The court of appeal determined the MND’s mitigation measures were insufficient to avoid or reduce potential impacts to archeological and tribal cultural resources to a less-than-significant level. The proposed  measures, it found, lacked an analysis of whether the resources within the proposed construction site could be avoided. Nor did the measures specify performance criteria for evaluating the feasibility of avoidance as an alternative to excavation. Further, substantial evidence provided by an expert in Native American archeology and history demonstrated that the project could likely cause significant permanent damage to the site and the proposed data recovery program was inadequate to mitigate that damage.

  1. Impacts on Sensitive Plant Species

The project site contained three special-status plant species that would be significantly impacted by project grading, landscaping, and fuel modification activities. The court found that, even with the proposed mitigation measures, the project could still have a significant impact on these sensitive plant species. It concluded that the mitigation measures improperly deferred formulation of certain mitigation efforts, failed to describe specific performance criteria to ensure that mitigation would be effective, relied on outdated botanical surveys of the area, and did not provide feasible alternatives if proposed salvage and replanting efforts failed.
Continue Reading Mitigated Negative Declaration Inadequate for Mixed-Use Project

Attorney’s fees could not be recovered in a CEQA action in which the plaintiff obtained an initial stay of the project but the applicant later had the project approvals rescinded, citing inability to afford to litigate the case. Canyon Crest Conservancy v. County of Los Angeles, 46 Cal.App.5th 398 (2020).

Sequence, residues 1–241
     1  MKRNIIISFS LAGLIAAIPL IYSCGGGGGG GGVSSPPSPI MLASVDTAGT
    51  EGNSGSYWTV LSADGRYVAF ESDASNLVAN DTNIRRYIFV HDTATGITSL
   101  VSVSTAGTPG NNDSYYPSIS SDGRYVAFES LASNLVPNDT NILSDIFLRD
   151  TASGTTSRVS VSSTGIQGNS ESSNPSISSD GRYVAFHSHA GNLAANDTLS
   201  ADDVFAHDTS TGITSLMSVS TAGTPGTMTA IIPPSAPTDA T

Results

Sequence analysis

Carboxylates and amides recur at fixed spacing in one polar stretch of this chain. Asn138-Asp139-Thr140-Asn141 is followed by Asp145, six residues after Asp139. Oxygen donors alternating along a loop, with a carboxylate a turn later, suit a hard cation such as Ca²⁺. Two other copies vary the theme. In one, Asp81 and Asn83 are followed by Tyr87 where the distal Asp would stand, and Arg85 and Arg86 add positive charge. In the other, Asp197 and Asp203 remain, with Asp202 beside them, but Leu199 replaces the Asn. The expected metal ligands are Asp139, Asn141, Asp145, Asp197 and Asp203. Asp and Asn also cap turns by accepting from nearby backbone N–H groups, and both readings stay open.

Doron Kuhn sought to build a single-family residence on an undeveloped lot in Los Angeles County.  Because the property was located on a steep hillside and construction would require removal of a protected coastal oak tree, Kuhn obtained a minor conditional use permit and an oak tree permit from the county. Plaintiff, Canyon Crest Conservancy, an organization formed by two of Kuhn’s neighbors, challenged the approvals alleging violations of CEQA.

After the trial court issued a stay of the permit approvals to preserve the status quo, Kuhn (who had been self-represented throughout the litigation) asked the County to vacate the permit approvals, stating he could not afford to continue the litigation. The County complied and plaintiff dismissed the case. The plaintiff then filed a motion for attorney fees under the private attorney general statute, Code of Civil Procedure section 1021.5. The trial court denied the motion, concluding that plaintiff failed to establish any of the requirements for a right to fees under the statute.

To obtain fees under section 1021.5, the moving party must establish that the action resulted in the enforcement of an important right affecting the public interest and that the action conferred a significant benefit on the public or a large class of persons.
Continue Reading Fees Under Private Attorney General Doctrine Denied Where CEQA Lawsuit Neither Enforced Important Rights Nor Conferred Significant Public Benefits